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shariden@ŽÉ—˜“a
CATEGORY:@architecture / buildings & structures
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A square reliquary hall, used to enshrine the relics of Buddha, called *shari ŽÉ—˜ (Sk. sarira). Sometimes the reliquary hall contains relics of an honored priestA and mortuary tablets. One such hall at Saihouji ¼–FŽ›, in Kyoto, erected in the early 14c, is thought to be the oldest extant . The Shariden at Engakuji ‰~ŠoŽ› is the best known. It is a square 3~3 bay structure (8.12m square) with an enclosed aisle and a pent roof *mokoshi ÖŠK, surrounding all four sides of the building. The center bays are wider than the others. The roof is hip-and-gable *irimoya-zukuri “ü•ê‰®‘¢, and covered with layers of thinly cut shingles *kokerabuki Š`•˜. The bracket complexes on the upper story are Zen style *zenshuuyou ‘T@—l.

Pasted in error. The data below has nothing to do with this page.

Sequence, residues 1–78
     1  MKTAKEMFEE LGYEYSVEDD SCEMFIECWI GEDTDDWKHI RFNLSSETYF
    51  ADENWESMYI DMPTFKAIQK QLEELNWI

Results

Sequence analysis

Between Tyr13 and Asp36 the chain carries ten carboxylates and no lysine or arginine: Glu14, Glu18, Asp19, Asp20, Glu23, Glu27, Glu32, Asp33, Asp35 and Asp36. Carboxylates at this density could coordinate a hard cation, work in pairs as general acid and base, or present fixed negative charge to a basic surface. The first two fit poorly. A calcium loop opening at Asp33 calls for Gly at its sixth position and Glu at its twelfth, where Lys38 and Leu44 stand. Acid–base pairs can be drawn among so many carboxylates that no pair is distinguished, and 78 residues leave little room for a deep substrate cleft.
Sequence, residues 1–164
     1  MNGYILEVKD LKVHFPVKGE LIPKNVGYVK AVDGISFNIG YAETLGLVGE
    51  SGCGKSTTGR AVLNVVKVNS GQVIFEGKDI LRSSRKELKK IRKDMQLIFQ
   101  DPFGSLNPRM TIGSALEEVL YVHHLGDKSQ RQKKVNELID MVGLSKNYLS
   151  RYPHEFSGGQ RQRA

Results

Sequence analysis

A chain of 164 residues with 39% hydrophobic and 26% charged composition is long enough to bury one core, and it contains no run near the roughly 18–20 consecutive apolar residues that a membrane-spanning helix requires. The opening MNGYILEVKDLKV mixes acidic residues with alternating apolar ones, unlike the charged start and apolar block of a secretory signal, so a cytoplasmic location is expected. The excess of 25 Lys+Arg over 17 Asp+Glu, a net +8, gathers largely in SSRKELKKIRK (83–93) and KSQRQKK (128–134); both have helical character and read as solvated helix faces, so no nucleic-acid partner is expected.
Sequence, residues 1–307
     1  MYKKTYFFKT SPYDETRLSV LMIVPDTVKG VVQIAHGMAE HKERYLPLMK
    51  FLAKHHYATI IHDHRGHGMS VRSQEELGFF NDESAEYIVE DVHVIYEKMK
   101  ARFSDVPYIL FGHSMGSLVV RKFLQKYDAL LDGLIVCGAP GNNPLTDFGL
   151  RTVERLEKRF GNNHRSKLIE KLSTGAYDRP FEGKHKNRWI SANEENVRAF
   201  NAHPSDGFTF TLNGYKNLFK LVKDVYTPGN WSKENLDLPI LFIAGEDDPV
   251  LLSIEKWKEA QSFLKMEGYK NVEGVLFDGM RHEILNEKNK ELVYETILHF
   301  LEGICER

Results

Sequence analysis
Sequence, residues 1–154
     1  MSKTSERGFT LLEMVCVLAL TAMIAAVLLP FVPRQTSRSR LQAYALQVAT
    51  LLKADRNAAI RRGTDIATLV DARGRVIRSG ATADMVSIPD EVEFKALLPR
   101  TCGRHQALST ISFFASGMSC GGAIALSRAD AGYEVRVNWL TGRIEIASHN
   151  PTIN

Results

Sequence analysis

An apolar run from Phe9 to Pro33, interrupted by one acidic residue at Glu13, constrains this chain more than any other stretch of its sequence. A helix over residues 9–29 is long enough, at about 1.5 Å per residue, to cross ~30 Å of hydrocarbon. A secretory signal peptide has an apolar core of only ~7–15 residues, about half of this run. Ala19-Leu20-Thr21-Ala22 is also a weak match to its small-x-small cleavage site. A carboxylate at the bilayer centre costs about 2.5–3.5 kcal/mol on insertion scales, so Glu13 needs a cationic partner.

At Houryuuji –@—²Ž› in the east precinct the Shariden is paired with the picture hall, eden ŠG“a. They are connected by a passage that is open on the front and back. The combination of the shariden and eden is only found at Houryuuji.
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Engakuji ‰~ŠoŽ› (Kanagawa)

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REFERENCES:
*medou ”n“¹
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NOTES
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